The most obvious point of reference for an attack on Iraq is last year's US-led military campaign in Afghanistan. The Medact report indicates that an attack on Iraq will be far more devastating than Afghanistan, although many of the factors cited as accelerating humanitarian problems in the advent of war, such as long-destroyed infrastructure, impoverished civilians, poor or non-existent health facilities, lack of routes for aid access and the potential for civil war all existed in Afghanistan in October 2001. But IPPNW's Michael Christ notes that the war in Iraq will be a much larger-scale affair. Despite doubts about the preparedness and effectiveness of the 375,000-strong Iraqi army, Saddam Hussein's Republican Guard, believed to number between 80,000 and 100,000, is expected to be a significant fighting force. By contrast, Christ notes, "the US met an essentially non-existent national military in Afghanistan."
Jane Salvage agrees that the situation in Afghanistan "has some interesting parallels with Iraq", but points out that the war on Iraq "will not be fought in caves, but in the streets of Baghdad, and perhaps other major cities, following ferocious air attacks. The likely casualties will be at least 10 times the number who died in Afghanistan."
Asked if IPPNW finds it plausible that Iraq has managed to maintain substantial biological weapons supplies, Christ remarks that his organisation, "like the rest of the world, is not in a position to rule on whether Iraq maintains a residual chemical or biological weapons capacity. This is precisely why further weapons inspections are needed."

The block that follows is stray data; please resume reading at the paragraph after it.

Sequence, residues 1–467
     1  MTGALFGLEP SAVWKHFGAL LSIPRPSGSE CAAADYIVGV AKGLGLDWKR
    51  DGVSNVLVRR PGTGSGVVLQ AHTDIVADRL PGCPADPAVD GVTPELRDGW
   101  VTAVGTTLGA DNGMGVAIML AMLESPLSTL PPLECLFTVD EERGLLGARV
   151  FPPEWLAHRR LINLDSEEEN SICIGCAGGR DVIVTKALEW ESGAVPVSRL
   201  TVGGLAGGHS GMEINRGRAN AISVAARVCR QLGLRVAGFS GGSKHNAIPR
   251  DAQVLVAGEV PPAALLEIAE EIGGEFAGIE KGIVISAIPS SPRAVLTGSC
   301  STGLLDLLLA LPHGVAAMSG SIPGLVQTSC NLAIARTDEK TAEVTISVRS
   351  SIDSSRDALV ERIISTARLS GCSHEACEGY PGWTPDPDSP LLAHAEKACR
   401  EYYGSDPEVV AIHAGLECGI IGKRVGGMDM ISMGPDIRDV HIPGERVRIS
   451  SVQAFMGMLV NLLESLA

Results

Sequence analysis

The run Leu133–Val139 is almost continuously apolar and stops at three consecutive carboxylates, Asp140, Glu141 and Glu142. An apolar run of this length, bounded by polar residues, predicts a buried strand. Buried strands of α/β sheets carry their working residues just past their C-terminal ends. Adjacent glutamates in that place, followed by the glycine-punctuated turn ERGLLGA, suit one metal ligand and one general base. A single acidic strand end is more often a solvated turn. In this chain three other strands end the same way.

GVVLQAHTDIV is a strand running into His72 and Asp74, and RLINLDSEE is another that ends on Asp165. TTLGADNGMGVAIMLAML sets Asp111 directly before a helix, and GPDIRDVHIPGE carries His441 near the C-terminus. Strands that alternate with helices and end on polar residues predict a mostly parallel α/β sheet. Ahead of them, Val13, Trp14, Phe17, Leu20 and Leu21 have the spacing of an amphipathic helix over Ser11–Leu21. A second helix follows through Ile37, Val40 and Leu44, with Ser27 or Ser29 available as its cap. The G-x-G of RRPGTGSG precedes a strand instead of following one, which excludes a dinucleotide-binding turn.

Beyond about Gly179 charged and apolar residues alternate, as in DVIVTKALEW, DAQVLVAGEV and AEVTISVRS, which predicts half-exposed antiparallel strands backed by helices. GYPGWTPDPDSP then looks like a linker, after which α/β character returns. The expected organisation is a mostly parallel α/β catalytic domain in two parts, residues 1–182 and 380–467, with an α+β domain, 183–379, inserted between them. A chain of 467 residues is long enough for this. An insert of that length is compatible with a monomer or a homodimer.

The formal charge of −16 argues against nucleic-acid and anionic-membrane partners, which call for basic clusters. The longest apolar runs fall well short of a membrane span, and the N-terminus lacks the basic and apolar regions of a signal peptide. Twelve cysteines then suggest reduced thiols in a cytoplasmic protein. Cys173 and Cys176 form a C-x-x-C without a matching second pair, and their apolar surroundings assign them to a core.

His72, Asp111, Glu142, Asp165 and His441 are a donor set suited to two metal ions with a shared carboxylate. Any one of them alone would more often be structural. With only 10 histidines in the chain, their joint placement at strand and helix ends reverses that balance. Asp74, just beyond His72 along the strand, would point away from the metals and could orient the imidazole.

Salvage suggests that "few really know the answer to this -- and those who know the truth are not telling." Noting that "objective, non-political sources" agree that Iraq seems to have some chemical or biological weapons capabilities, Salvage stresses that Hussein must be encouraged to disarm -- "like many other countries possessing such deadly weapons, including the US and UK". She adds: "We are also puzzled by the flawed logic that says war is necessary to force Iraqi disarmament. If Saddam is that well armed, surely a war will encourage him to unleash his arsenal -- and no one can then predict the consequences, which could easily spiral out of control."
Asked just how realistic the fear of a war in Iraq going nuclear is, Christ warns that the presence of nuclear weapons in the region "represents an extreme risk to human health and security, should war in Iraq spin out of control". Should Hussein still have biological or chemical weapons, says Christ, he may very well use them before falling from power -- an act that could precipitate a nuclear response.
IPPNW is hoping that "Collateral Damage" will help to raise awareness about the human face of war. Christ observes that ordinary Americans, and to a lesser extent the British public, "have little appreciation for the humanitarian consequences of war". During the first Gulf War the US-led coalition dropped 88,500 tons of bombs -- the equivalent of nearly seven Hiroshimas, Christ notes. And despite the lustre of the "smart" bomb, the US Air Force has admitted that as many as 70 per cent of its bombs were off target. "The impact of those bombs gone astray was never seen by the average American."
"Medact believes that war is always too high a price to pay," says Salvage, pointing to the report's recommendations of non-violent alternatives to war that remain to be explored. "There is no guarantee that a war on Iraq would be short and clinical. US and UK leaders are silent on its possible impact and have not commented on -- or challenged -- our estimates. As usual, it will be tens of thousands of innocent men, women and children in Iraq, and possibly elsewhere, who will suffer."